Alexander Juggles Bipartisan Health Care Deal With GOP Repeal Effort
His decision could undermine a reputation the Tennessee Republican has spent years cultivating

Sen. Lamar Alexander, R-Tenn., has been trying to assemble support for a measure to stabilize the health insurance industry, but could run into interference because of GOP efforts to repeal the Affordable Care Act . (Bill Clark/CQ Roll Call)

For Sen. Lamar Alexander, two roads are diverging in a yellow wood.

The Tennessee Republican, who chairs the Senate, Health, Education, Labor and Pensions Committee, is facing a difficult quandary on health care that Democrats say could undermine a bipartisan reputation he has spent years cultivating and simultaneously determine the fate of the nation’s insurance system.

McConnell In Difficult Spot With Latest Health Care Push
Senate majority leader tasked with shepherding bill he had no role in writing

Senate Majority Leader Mitch McConnell is in an unfamiliar position of pushing a health care repeal bill that he had little role in crafting. (Tom Williams/CQ Roll Call)

Senate Majority Leader Mitch McConnell is counting on an 11th-hour attempt to repeal the 2010 health care law and change directions on a disappointing year for Republicans.

Having put health care on the back burner after lacking the votes this summer, McConnell has thrown his weight behind a proposal from GOP Sens. Bill Cassidy of Louisiana, Lindsey Graham of South Carolina, Ron Johnson of Wisconsin and Dean Heller of Nevada.

Bernie Sanders, the Man With Single-Payer Clout
Vermont independent continues to direct the future of national Democratic Party

Vermont independent Sen. Bernie Sanders bashed special interest groups when introducing the so-called Medicare for All Act of 2017. (Bill Clark/CQ Roll Call)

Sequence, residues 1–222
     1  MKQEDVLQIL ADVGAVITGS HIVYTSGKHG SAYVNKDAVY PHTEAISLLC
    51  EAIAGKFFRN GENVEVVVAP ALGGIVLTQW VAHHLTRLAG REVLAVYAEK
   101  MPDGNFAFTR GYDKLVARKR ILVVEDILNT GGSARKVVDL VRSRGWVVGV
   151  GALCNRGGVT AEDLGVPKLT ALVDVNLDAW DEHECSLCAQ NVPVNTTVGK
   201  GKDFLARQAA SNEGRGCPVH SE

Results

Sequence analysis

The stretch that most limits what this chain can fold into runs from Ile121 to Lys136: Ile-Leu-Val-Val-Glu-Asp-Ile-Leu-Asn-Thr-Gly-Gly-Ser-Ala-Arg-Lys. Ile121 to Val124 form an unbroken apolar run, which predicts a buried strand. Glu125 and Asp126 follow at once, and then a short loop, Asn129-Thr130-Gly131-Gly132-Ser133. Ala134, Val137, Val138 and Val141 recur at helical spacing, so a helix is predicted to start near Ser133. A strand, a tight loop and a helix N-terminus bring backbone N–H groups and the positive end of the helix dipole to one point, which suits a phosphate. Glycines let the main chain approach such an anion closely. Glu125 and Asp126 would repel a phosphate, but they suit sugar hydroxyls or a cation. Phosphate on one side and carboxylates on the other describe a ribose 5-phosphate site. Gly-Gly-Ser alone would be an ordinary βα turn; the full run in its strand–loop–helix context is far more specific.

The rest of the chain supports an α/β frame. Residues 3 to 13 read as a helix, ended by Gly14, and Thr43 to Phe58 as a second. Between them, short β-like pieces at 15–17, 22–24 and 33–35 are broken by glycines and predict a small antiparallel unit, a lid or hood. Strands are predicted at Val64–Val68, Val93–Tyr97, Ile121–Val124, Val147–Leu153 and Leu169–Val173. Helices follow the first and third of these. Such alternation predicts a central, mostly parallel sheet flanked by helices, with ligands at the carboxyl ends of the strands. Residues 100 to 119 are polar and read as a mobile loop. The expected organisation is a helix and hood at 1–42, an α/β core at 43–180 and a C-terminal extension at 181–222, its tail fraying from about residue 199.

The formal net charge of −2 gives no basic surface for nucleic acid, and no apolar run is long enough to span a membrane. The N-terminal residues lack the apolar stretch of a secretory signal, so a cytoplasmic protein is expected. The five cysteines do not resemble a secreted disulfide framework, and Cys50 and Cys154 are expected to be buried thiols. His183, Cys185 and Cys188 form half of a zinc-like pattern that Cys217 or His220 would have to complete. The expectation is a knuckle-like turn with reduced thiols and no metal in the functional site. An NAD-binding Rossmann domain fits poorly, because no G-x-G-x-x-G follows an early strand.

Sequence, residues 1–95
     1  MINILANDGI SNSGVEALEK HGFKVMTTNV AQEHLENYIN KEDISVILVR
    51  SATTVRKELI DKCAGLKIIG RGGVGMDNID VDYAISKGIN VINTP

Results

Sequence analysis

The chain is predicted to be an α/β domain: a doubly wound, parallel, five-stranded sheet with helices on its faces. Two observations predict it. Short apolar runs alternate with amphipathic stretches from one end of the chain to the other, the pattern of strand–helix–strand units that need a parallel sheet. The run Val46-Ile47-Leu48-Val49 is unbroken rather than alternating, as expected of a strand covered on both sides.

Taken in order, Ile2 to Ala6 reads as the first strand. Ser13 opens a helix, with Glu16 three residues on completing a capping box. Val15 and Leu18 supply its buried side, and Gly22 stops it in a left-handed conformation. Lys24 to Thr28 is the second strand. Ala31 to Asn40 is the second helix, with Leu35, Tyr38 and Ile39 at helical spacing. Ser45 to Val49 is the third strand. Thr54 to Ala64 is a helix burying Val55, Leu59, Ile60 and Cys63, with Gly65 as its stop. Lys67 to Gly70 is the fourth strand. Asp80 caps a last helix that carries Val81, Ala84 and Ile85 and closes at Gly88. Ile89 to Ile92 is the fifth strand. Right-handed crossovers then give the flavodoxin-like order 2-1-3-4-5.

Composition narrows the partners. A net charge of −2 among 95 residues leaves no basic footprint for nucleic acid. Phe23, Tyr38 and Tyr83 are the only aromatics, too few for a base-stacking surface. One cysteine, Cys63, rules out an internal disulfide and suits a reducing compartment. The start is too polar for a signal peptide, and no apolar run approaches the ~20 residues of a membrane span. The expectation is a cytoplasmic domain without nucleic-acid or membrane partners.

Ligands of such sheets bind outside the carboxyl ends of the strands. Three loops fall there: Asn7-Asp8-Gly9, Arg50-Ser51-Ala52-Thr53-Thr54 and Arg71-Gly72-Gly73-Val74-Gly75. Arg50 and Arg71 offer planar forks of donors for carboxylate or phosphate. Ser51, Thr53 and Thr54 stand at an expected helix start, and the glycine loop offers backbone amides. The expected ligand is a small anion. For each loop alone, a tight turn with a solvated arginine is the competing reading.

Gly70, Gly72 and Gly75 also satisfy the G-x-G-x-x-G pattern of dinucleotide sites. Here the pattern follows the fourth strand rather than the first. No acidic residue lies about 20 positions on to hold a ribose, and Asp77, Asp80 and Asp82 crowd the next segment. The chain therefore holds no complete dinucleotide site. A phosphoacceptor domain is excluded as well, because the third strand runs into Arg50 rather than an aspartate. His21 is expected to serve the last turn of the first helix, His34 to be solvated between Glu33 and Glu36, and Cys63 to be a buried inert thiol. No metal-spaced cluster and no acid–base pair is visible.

The seismic shift in support for Sen. Bernie Sanders’ plan to transform the U.S. health care system into a single-payer program indicates the reach the Vermont independent has within the Democratic Party.

At the same time that his onetime presidential foe Hillary Clinton is reminding people of the party’s devastating loss last fall, Sanders is trying to define its future. His bill to enroll every American in Medicare drew 16 co-sponsors, 16 more than when he first introduced similar legislation in 2013.

Congress Braces for Tense Debate on Surveillance Law
Spy agencies argue for permanent reauthorization of FISA amendments

Sen. Tom Cotton, R-Ark., is sponsoring legislation to reauthorize the 2012 FISA amendments with no sunsets. (Tom Williams/CQ Roll Call file photo)

Lawmakers are facing a potentially bruising fight over a surveillance law that expires Dec. 31 and must be extended in time to preserve what U.S. spy agencies consider a vital piece of their arsenal.

Congress has to extend the 2012 FISA Amendments Act, which will pit the Trump administration and national security hawks in Congress who favor a permanent reauthorization with no changes, against lawmakers of both parties, libertarians, privacy advocates and communications companies seeking to tighten protections for U.S. persons whose communications may get caught up in the wide electronic net cast by spy agencies.

Opinion: Trump Giving Ryan and McConnell the Power on DACA
Why Congress needs to act on immigration

Demonstrators outside the Trump International Hotel on Tuesday. President Donald Trump’s decision to rescind the DACA program could imperil GOP majorities in the House and Senate, Murphy writes. (Bill Clark/CQ Roll Call)

If President Donald Trump and the Republican leadership were a married couple, we would refer to August as “The Estrangement.”

After months of bashing House Speaker Paul Ryan, Senate Majority Leader Mitch McConnell and “the Republicans” on Twitter, things got so bad between Trump and McConnell last month that they went for weeks without talking. On a phone call just before things got really bad, Trump was reportedly yammering to McConnell when the majority leader fell so silent, the president had to ask, “Are you there, Mitch?”